Newcomers to Rousseau's works and those who are familiar with his writings will find something to surprise them both in this wide variety of short pieces from every period of his life. Among the important theoretical writings found here are the "Fiction or Allegorical Fragment on Revelation" and the "Moral Letters," which are among Rousseau's clearest statements about the nature and limits of philosophic reasoning. In the early "Idea of a Method for the Composition of a Book," Rousseau lays out in advance his understanding of how to present his ideas to the public. This volume also contains both his first and last autobiographical statements. Some of these writings show Rousseau's lesser-known playful side, including his comic fairy tale, "Queen Whimsical," or in works like "The Banterer," in which he challenges readers to guess whether the work they are reading was written by an author who is "wisely mad" or by one who is "madly wise." When Rousseau was challenged to write a merry tale, "without intrigue, without love, without marriage, and without lewdness," he produced a work considered too daring to be published in France. He also ponders the possibilities for and consequences of air travel in "The New Daedalus."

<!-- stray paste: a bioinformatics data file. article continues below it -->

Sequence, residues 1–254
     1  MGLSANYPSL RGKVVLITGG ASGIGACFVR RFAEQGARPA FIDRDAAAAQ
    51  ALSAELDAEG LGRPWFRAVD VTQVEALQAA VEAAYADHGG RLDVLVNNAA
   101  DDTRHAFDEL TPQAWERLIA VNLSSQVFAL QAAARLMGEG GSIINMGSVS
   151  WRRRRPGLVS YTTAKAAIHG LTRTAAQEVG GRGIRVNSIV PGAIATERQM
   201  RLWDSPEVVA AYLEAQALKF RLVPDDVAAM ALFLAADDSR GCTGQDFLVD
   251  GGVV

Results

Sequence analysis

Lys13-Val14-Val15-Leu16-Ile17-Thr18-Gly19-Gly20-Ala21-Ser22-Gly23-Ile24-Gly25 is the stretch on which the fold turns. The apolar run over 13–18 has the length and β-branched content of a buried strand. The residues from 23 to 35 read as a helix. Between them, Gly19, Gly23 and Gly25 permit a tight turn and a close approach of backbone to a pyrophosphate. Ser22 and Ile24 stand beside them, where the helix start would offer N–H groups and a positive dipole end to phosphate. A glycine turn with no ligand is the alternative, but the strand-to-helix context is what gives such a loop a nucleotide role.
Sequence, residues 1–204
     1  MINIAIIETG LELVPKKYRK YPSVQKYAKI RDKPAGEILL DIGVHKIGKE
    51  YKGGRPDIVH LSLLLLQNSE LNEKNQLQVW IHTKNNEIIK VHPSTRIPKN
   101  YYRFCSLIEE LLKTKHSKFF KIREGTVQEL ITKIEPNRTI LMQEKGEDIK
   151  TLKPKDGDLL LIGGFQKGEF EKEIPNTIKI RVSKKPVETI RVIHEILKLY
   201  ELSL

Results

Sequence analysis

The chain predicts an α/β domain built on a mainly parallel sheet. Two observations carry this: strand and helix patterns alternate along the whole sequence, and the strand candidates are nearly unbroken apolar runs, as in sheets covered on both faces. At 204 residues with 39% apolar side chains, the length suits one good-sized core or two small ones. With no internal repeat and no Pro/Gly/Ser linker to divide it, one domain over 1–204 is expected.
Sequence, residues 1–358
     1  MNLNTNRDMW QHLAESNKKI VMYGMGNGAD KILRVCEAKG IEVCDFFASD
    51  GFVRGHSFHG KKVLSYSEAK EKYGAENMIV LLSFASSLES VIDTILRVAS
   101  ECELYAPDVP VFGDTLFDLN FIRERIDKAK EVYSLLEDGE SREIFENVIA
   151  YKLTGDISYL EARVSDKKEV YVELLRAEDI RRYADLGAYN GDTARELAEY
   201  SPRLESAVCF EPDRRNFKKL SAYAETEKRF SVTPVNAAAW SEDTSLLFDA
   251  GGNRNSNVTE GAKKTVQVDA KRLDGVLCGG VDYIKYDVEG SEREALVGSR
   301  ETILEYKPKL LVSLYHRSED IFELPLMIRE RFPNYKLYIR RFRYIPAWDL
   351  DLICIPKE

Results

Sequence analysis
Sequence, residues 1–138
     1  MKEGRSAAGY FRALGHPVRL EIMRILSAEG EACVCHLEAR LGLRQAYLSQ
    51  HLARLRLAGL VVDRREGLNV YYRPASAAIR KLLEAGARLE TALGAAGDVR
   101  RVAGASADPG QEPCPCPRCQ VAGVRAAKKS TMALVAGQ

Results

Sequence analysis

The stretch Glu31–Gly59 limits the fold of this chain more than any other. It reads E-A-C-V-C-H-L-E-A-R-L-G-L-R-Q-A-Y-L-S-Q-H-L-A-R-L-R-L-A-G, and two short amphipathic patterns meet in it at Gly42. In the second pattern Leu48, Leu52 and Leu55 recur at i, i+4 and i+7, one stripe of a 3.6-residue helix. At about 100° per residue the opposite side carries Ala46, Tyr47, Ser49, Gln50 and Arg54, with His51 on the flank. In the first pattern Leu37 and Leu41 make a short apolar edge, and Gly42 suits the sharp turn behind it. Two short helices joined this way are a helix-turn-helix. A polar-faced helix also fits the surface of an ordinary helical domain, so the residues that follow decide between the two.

Publisher: University Press of New England